CONTACT: WINSTON BARCLAY
100 Old Public Library
Iowa City IA 52242
(319) 384-0073; fax (319) 384-0024
Release: Feb. 9, 2001
'A Doll House' meets Barbie Dreamhouse
in 'Strange Attractors' at UI
IOWA CITY, Iowa -- University Theatres
Mainstage will present the dark comedy "Strange Attractors" by Iowa Playwrights
Workshop graduate student David Adjmi, Feb. 22 through March 4 in Theatre
B of the University of Iowa Theatre Building. Performances will be at 8 p.m.
Feb. 22-24 and Feb. 28-March 3, and at 3 p.m. Sunday, Feb. 25 and March 4.
In "Strange Attractors," which was premiered
last spring at the Iowa Playwrights Festival (now the Iowa New Play Festival),
Ibsen's "A Doll House" meets Barbie's Dreamhouse.
The outlandish but plausible story follows
Betsy, a young, nouveau-riche Manhattan socialite who is living the good life
-- Park Avenue penthouse, MTV ad-exec hubby, live-in maid. She discovers her
husband is ill and performs a radical sacrifice to save him.
Will she end up killing herself and everyone
she loves in the process? Or has she found the unlikeliest road to nirvana
since de Sade? Adjmi's script is a zany, terrifying take on love sex and morality
in the 21st century.
Adjmi wrote the play as something of an
etude -- an exercise in learning play structure and narrative progression.
He took the events in a play he had recently taught, Ibsen's classic "A Doll
House," emptied them of their original content, and wrote new material into
the shell. "I was looking for a way to make my plays really active, so I found
this really facile way of doing it."
"A Doll House" was an explosive choice.
Ibsen's play, which now can seem rather quaint, provoked furious controversy
in Sweden in the late 19th century. Not only did the play include blackmail,
forgery, syphilis and raw sexual tension, but it featured a dissatisfied housewife
whose self-realization leads to the unthinkable act of leaving her husband.
Nora's emancipation so infuriated audiences that some productions substituted
an alternate ending in which she yields to her family obligations.
Adjmi started writing in the "Doll House"
template without a clear narrative concept, but with an inspiration about
the juxtaposition of the classical and contemporary weirdness. "I was at a
gallery exhibition by a painter I really like, John Currin, and the paintings
were sort of influenced by the Dutch Masters, but then they were done up like
Hustler pin-ups, Vargas girls or Playboy cartoons," he explains. "There was
something about the tension between the old and the creepy. There was something
really haunting about the looks on these women's faces -- something kind of
stultified or numbed but sort of cheery. I had a very visceral response to
Like Nora in "A Doll House," Betsy is
looking for an escape, but in his comic nightmare she is so disoriented that
she eventually contradicts her intentions -- she confuses emancipating herself
with hurting herself. And in thoroughly contemporary style, Betsy turns to
the internet to find expression for her alternate self.
In the process of writing the play, a
dark satire took on more and more elements of tragedy, creating a play that
is propelled by the tension between the tragic and the comic -- and between
the classical and the contemporary. "I wanted to confront popular culture
in terms of all the contradictions it brings out in us -- how people are mistaken
for objects; that we don't know how to relate to something unless we are buying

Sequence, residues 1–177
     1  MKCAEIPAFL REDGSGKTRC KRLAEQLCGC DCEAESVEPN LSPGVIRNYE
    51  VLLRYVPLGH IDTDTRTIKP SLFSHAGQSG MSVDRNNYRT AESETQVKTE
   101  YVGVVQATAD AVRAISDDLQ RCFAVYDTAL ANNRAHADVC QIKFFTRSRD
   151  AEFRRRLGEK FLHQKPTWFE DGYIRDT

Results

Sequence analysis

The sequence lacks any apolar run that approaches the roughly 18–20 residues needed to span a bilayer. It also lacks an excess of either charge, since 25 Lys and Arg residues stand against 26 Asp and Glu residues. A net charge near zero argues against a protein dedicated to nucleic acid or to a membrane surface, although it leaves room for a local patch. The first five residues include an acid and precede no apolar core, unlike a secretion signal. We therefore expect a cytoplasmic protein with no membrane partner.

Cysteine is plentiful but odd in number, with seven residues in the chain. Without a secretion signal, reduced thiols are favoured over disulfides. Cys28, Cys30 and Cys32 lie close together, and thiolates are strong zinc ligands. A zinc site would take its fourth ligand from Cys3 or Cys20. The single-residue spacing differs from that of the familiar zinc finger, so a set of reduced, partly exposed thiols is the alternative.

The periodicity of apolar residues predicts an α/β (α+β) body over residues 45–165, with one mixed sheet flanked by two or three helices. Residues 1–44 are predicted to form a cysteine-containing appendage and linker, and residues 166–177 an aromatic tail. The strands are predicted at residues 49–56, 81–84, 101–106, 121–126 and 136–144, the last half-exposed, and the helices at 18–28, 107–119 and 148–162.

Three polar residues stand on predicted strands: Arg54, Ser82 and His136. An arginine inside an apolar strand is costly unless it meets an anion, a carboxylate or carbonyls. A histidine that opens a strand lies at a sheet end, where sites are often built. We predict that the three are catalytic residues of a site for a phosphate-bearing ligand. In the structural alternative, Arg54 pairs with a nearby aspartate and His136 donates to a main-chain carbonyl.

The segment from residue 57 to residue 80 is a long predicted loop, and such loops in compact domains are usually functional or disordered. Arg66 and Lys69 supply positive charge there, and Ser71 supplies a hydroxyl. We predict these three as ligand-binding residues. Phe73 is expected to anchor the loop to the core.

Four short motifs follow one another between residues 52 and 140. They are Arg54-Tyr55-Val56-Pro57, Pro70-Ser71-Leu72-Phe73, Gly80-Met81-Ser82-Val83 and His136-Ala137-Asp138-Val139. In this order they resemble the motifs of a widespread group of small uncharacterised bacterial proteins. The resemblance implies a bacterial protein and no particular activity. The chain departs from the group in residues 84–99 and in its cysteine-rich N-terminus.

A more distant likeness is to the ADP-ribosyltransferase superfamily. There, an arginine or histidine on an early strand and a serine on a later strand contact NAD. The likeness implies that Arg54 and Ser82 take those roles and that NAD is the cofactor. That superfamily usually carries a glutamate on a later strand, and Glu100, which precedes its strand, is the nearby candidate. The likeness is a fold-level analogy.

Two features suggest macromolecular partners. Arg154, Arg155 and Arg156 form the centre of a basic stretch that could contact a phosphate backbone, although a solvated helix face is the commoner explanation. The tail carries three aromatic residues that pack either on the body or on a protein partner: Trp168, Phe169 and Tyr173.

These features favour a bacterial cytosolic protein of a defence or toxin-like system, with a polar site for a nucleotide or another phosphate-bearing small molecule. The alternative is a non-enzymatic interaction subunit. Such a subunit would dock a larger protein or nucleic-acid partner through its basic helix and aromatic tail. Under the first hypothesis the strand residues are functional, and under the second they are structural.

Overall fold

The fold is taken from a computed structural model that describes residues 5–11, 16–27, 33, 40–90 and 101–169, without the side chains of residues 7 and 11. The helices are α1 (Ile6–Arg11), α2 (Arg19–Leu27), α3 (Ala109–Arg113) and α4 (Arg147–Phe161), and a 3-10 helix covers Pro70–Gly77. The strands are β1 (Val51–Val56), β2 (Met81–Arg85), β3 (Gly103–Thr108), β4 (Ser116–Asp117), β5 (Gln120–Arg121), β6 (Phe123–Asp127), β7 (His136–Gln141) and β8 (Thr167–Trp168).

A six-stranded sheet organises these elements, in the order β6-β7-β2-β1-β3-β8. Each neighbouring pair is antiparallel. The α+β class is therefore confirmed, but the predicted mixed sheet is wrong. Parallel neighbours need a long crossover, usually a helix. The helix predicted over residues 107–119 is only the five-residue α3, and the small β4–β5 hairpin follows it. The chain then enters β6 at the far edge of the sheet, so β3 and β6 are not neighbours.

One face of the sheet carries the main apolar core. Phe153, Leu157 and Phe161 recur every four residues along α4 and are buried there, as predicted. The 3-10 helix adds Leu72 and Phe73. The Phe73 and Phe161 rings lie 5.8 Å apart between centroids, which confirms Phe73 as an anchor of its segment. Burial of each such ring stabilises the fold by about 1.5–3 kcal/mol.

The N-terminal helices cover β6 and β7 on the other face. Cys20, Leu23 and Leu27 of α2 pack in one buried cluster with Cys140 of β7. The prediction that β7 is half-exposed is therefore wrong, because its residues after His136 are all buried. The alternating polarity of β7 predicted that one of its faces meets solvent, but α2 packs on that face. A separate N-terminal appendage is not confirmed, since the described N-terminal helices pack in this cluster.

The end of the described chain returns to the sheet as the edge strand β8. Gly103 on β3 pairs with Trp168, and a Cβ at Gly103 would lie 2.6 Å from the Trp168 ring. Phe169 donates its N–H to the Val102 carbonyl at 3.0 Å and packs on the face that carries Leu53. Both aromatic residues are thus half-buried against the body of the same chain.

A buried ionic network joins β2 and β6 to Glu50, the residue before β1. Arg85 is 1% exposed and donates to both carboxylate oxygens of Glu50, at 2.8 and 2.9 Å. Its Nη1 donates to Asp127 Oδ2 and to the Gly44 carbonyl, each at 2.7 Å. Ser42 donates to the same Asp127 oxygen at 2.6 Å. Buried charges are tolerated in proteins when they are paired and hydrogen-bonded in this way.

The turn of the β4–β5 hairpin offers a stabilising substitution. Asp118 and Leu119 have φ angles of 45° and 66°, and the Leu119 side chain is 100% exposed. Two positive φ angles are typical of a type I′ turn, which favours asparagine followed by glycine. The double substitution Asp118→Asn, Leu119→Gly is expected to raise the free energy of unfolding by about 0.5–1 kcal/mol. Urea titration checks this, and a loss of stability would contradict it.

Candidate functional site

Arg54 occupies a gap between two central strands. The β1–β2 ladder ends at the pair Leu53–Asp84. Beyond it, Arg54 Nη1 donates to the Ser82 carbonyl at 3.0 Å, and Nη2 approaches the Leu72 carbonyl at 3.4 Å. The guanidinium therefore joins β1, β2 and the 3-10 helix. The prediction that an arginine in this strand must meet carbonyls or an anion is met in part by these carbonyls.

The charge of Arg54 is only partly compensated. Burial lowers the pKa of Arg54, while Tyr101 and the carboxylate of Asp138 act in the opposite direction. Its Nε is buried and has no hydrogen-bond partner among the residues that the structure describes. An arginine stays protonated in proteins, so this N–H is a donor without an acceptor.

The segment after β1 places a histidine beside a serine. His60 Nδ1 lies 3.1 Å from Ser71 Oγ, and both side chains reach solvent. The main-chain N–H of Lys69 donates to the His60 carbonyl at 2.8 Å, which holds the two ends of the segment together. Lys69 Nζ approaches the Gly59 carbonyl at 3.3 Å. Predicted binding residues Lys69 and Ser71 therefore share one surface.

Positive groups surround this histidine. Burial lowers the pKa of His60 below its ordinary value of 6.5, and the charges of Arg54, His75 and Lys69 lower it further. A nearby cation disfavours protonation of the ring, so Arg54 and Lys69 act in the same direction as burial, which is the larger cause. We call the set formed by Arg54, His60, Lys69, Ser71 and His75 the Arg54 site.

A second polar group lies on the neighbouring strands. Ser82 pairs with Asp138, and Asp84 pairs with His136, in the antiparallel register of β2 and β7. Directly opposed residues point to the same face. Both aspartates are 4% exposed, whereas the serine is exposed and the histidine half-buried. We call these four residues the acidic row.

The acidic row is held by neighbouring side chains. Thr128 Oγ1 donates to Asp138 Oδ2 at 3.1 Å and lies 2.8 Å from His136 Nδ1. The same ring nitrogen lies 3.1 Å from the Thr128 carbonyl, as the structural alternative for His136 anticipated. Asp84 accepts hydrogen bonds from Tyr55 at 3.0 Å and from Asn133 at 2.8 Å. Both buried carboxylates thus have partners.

it," Adjmi says. "All the characters in this play are self-sabotaging, self
destructive. They are steeped in denial, lost to themselves."
Since the UI premiere, Adjmi's comic nightmare
"Strange Attractors" has been produced at the Bay Area Playwrights Festival
in San Francisco and the A.S.K. Theatre Project, and read at the Mark Taper
Forum in Los Angeles.
The University Theatres production of
"Strange Attractors" is directed by New York-based artist Sonja Moser, a frequent
collaborator with Adjmi. Other artistic contributors include set designer
Michael McGarty, costume designer Laura Thudium, lighting designer Kelly PerkinsSmith,
sound designer Ethan Bade and dramaturg Victoria Stewart.
"Strange Attractors" includes material
of an adult nature, and cigarette smoking. Potential audience members who
are concerned about whether the production is appropriate for them should
contact the Department of Theatre Arts, 319-335-2700, for additional information.
University Theatres is the performance
arm of the UI Department of Theatre Arts, which is part of the Division of
Performing Arts in the UI College of Liberal Arts.
Tickets for "Strange Attractors" are $15
($7 for UI students, senior citizens and youth). Tickets may be purchased
in advance from the Hancher Auditorium box office. Any remaining tickets for
each performance will be available one hour before curtain time at the Theatre
Building box office.
Box office hours are 10 a.m.-5:30
p.m. weekdays and 11 a.m.-3 p.m. Saturdays. From the local calling area, dial
(319) 335-1160. Long distance is toll-free, 1-800-HANCHER. Fax to
(319) 353-2284. Orders may be charged to VISA, MasterCard or American Express.
UI students may charge their purchases to their university bills, and UI faculty
and staff may select the option of payroll deduction. Information and brochures
may be requested by e-mail at
People with special needs for access,
seating and auxiliary services should dial
(319) 335-1158. This number will be answered by box office personnel prepared
to offer assistance with handicapped parking, wheelchair access and seating,
hearing augmentation and other services. The line is equipped with TDD for
people with hearing impairment who use that technology.
For UI arts information, visit this new
address -- www.uiowa.edu/artsiowa -- on the World Wide Web. To receive UI
arts news by e-mail, contact <email@example.com>.